Equity markets lifted in July as trade negotiations between the US and China appeared to be heading in a positive direction and central banks all over the world stepped in to offer support to address ongoing economic uncertainty. At home, Consumer Staples led the way, up 9.8% on the back of Chinese-exposed baby formula producers A2 and Bellamy’s. Health Care was another top performer, up 5.9%. Index returns were as follows:
The easing of trade tensions throughout July quickly fell apart at the start of August through some truly bizarre circumstances. Initially, the US Fed cut rates by 0.25%, which was widely tipped by the market. This made the President very unhappy and delivered a tirade of abuse directed toward the Fed through his favourite medium, Twitter, that interest rates are still far too high. The Fed’s commentary suggested the impact of the Chinese tariff’s and ongoing trade tensions were the main reasons to commence cutting rates. So Trump then responded by, the next day, slapping more tariff’s on Chinese goods, presumably to force the Fed’s hand further. China responded to the US by allowing their currency to depreciate (China sets daily benchmark rates for their currency, rather than a free market float like most other currencies). This saw markets quickly tank and the US labelled China a currency manipulator.
With all this going on, the ASX tumbled -4.3% over the first week. Although Australia is not directly impacted by the trade war, we are vulnerable to the threat it poses to demand for our exports.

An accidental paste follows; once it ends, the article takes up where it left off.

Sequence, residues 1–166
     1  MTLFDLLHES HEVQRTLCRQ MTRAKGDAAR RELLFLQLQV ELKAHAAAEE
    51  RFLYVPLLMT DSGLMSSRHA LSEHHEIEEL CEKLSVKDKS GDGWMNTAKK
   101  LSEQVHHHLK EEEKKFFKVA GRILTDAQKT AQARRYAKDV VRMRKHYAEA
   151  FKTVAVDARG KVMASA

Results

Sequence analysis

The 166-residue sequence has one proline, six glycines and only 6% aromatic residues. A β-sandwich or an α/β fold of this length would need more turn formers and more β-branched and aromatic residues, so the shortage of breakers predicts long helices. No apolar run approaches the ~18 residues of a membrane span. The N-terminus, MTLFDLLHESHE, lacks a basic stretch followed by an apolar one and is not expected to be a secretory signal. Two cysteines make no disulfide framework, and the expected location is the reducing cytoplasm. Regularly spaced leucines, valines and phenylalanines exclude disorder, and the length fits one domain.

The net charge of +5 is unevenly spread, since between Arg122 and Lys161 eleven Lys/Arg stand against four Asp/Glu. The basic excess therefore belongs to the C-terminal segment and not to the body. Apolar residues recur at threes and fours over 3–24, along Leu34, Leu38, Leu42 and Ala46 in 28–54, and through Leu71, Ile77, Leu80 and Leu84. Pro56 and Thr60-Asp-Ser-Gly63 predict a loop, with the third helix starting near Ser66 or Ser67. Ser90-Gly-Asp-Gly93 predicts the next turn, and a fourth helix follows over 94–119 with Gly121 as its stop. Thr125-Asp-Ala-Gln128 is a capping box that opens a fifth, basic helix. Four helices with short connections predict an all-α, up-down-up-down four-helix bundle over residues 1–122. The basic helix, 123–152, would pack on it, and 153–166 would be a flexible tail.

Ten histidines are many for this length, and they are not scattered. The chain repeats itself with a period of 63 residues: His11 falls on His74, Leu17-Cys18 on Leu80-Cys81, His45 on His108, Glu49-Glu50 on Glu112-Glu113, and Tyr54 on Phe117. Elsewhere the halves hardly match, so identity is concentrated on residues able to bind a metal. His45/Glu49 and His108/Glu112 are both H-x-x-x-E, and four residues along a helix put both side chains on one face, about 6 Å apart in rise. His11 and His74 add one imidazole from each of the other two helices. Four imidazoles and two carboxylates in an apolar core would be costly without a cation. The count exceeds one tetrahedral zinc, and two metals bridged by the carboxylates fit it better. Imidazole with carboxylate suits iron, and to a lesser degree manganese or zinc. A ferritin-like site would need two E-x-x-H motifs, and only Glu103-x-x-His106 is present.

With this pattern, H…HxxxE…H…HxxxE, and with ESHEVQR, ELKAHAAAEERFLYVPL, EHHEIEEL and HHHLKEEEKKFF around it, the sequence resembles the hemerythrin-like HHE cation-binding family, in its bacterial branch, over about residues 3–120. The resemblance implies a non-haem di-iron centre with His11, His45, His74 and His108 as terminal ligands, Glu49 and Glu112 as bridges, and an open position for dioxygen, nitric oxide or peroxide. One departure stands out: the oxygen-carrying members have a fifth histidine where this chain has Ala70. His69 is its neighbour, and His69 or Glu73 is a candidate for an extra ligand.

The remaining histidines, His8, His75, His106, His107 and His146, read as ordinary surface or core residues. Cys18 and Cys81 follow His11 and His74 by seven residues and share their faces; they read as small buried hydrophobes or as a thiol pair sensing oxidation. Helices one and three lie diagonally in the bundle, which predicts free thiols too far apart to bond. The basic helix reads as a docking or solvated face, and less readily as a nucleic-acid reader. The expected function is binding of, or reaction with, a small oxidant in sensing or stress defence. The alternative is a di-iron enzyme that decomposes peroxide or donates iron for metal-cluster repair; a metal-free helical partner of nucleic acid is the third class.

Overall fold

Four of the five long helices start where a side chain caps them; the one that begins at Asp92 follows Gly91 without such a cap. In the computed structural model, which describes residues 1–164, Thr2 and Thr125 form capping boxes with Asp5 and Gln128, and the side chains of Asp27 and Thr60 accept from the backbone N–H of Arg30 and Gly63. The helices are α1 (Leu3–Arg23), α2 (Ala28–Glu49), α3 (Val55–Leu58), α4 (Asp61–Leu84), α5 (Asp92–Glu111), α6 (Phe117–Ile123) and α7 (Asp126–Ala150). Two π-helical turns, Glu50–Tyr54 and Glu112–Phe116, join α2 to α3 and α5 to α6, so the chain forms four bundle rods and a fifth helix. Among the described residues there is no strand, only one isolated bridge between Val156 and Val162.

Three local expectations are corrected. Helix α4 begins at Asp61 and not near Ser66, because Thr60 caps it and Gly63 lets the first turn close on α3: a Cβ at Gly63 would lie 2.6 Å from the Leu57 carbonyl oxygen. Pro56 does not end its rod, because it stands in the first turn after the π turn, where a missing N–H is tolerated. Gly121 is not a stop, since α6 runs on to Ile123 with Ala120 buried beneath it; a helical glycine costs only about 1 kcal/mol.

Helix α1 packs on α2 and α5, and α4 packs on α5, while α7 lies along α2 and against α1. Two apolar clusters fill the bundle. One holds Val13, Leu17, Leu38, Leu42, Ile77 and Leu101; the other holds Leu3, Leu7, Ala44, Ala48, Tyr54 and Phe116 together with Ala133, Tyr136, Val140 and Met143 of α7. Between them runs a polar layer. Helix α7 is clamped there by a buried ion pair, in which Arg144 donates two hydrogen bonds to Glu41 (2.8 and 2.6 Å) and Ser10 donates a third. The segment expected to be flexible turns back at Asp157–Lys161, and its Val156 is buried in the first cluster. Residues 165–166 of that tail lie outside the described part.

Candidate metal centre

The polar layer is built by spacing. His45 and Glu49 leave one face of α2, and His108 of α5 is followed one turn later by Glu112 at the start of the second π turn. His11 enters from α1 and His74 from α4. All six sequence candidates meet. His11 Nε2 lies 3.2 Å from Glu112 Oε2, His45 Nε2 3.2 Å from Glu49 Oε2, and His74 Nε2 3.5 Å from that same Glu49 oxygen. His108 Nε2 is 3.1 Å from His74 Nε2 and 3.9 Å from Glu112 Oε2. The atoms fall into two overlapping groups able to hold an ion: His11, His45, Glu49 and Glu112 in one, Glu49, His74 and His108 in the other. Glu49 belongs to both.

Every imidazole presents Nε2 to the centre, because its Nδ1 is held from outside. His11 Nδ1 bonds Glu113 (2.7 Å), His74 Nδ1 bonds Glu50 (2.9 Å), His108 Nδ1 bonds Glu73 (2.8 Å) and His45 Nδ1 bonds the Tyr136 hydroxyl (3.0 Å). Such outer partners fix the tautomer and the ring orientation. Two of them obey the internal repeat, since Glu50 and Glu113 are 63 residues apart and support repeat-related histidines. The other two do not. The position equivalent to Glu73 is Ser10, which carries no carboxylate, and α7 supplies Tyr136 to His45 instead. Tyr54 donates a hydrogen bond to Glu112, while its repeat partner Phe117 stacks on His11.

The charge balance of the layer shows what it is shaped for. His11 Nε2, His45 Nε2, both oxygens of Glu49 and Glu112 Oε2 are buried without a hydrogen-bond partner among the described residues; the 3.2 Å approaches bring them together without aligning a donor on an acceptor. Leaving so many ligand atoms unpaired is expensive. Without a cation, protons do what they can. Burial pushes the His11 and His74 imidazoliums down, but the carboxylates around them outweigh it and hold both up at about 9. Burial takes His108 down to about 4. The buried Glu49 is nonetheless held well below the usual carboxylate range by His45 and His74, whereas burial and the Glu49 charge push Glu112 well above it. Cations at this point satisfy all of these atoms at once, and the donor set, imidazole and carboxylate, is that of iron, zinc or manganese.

The far reaching flow-on effects have driven bond yields further down as expectations for more monetary stimulus ramped up. Australian 10-year bond yields, for instance, hit a record low of 0.94%… meaning if you hold it for 10 years you get a 0.94% return! In fact, a Danish bank is now offering mortgages a 0.5% negative interest rate, meaning they are effectively paying customers to borrow money. In fact, there is now over $14.5 Trillion worth of negative yielding government bonds being traded across the world. We certainly live in remarkable times and many of the clients we see still recall buying their first homes on 15% plus interest rates!
At this stage, we think will cut rates down to 0.5%, as beyond this the banks are unable to pass it on to borrowers. Once interest rates are exhausted the RBA will probably turn to APRA to ease up lending standards again!
So, what are yield-hungry investors to do? Well, Australian shares are the obvious choice, where grossed up dividend yields are at around 5.7%.
Gold bulls are currently rejoicing, at it has been a stellar performer of late, and like bonds are a safe haven asset. No, it doesn’t pay an income, but you could pretty much say the same about bonds these days!
We remain cautious on loading up too heavily on shares, with the rise in prices being out of whack with any real increase in earnings. Put simply, investors are just paying more. Below is the 12 month Price/Earnings ratio for the industrials sector:
What this tells us is that defensive stocks are very expensive. Investors are now willing to pay up to $24 for just $1 of company earnings. The world of low rates has certainly put a rocket under equity markets, and the RBA system has quite an effective mechanism for the reduced rates to have a material impact on the economy. However, we don’t know how this will all end and remain cautious in positioning client portfolios and companies within them.